Environmental Conservation



Papers

Sandy shore ecosystems and the threats facing them: some predictions for the year 2025


A.C. Brown a1c1 and A. McLachlan a2
a1 Zoology Department, University of Cape Town, South Africa 7701
a2 College of Science, Sultan Qaboos University, Oman

Abstract

Pollution, mining, disruption of sand transport and tourism development widely affect sandy shores, and these systems may be subject to increased erosion in future, yet there have been few attempts to review them. The present review focuses largely on ocean sandy beaches, providing an introduction to much of the relevant literature, and predicting possible states of the system by 2025. Sandy shores are dynamic harsh environments, the action of waves and tides largely determining species diversity, biomass and community structure. There is an interchange of sand, biological matter and other materials between dunes, intertidal beaches and surf zones. Storms and associated erosion present the most substantial universal hazard to the fauna. Human-related perturbations vary from beach to beach; however, structures or activities that impede natural sand transport or alter the sand budget commonly lead to severe erosion, often of a permanent nature. Many beaches also suffer intermittent or chronic pollution, and direct human interference includes off-road vehicles, mining, trampling, bait collecting, beach cleaning and ecotourism. These interferences typically have a negative impact on the system. Identified long-term trends include chronic beach erosion, often largely due to natural causes, as well as increased ultraviolet (UV) radiation and changes related to global warming. It is not expected that predicted temperature changes will have dramatic effects on the world's beaches by 2025, but the expected rise in sea level, if coupled with an increase in the frequency and/or intensity of storms, as predicted for some regions, is likely to lead to escalating erosion and consequent loss of habitat. It is suggested that increased UV radiation is unlikely to have significant effects. Increases in coastal human populations and tourism, thus increasing pressure on the shore, while serious, may be largely offset in developed and developing countries by better management resulting from greater understanding of the factors governing sandy-shore systems and better communication with beach managers and developers. Beach nourishment is likely to become more widely practised. However, the continuing hardening of surfaces in and above the dunes is bound to be damaging. Human pressures in many underdeveloped countries show no signs of being mitigated by conservation measures; it is likely that their sandy shores will continue to deteriorate during the first quarter of this century. A long-term trend that cannot be ignored is the excessive amount of nitrogen entering the sea, particularly affecting beaches in estuaries and sheltered lagoons. The data presently available and the uncertainty of a number of predictions do not permit of quantitative assessment or modelling of the state of the world's sandy shores by the year 2025, but some tentative, qualitative predictions are offered.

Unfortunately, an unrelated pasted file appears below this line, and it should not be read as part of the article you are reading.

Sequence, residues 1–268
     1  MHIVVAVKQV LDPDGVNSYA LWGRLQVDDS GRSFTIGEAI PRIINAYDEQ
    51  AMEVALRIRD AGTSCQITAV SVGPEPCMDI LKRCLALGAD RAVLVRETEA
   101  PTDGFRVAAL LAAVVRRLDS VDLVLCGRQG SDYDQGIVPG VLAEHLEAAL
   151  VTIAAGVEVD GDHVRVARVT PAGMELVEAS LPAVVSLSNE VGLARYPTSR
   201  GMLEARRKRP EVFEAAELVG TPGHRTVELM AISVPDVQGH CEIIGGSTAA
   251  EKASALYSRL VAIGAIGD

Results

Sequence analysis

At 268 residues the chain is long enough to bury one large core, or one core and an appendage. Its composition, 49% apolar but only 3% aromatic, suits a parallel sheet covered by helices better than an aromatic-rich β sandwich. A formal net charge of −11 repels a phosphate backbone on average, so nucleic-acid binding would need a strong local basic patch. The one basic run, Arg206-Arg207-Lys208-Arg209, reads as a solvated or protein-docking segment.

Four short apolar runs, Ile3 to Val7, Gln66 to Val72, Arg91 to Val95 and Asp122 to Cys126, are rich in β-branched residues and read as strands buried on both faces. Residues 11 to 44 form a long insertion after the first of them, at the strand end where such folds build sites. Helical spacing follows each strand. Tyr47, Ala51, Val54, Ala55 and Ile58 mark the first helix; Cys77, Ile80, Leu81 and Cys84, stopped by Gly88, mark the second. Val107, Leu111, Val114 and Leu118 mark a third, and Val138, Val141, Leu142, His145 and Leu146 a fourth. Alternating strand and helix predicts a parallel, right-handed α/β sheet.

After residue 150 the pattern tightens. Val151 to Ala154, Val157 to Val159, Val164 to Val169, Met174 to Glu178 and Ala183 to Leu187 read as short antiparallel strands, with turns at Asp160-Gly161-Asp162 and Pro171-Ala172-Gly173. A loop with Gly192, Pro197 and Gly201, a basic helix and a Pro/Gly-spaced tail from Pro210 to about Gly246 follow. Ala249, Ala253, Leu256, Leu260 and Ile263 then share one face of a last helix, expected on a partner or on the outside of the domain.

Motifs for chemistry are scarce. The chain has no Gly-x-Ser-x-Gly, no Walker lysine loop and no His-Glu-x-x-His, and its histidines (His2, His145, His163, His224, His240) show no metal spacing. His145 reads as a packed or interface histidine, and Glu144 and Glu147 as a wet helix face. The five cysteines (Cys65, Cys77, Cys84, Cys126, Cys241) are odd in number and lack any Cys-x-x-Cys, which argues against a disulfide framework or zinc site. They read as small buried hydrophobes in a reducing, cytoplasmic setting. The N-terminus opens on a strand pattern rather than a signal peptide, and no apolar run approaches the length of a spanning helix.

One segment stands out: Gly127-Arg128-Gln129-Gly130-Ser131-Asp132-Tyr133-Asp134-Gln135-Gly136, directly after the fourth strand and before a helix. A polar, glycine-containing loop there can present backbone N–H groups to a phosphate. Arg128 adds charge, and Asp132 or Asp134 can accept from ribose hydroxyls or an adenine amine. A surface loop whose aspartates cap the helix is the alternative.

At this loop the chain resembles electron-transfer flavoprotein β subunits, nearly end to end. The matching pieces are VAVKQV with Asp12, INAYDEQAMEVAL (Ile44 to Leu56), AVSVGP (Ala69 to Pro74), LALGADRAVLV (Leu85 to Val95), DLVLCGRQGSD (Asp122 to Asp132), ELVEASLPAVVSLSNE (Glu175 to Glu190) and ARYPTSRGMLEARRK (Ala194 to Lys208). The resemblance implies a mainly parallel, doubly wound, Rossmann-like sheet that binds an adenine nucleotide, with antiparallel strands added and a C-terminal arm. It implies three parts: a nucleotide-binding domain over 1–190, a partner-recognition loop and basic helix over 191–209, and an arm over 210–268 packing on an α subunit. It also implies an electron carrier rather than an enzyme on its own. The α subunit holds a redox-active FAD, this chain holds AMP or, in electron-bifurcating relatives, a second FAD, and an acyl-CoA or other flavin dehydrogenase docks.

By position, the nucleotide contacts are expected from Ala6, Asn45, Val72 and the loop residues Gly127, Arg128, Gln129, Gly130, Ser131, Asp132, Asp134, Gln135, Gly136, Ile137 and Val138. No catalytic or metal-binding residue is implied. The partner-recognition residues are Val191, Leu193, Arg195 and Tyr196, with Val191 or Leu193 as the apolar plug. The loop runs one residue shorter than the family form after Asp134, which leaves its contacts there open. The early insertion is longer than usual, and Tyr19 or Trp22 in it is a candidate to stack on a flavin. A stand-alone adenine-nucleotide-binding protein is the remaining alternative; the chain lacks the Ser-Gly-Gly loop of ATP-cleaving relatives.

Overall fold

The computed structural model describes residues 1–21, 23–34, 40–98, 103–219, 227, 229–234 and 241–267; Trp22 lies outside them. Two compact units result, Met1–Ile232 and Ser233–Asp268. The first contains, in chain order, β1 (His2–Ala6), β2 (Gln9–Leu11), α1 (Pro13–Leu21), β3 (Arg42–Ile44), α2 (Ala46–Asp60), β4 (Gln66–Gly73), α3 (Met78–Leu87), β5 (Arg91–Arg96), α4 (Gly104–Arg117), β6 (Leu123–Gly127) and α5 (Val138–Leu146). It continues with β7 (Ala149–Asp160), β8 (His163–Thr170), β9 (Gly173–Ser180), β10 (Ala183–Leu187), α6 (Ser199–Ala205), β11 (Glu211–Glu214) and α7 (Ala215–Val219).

(Received April 25 2001)
(Accepted November 28 2001)


Key Words: sandy shores; ecology; climate change; human interference.

Correspondence:
c1 Correspondence: Professor Alexander Brown e-mail: acbrown@botzoo.uct.ac.za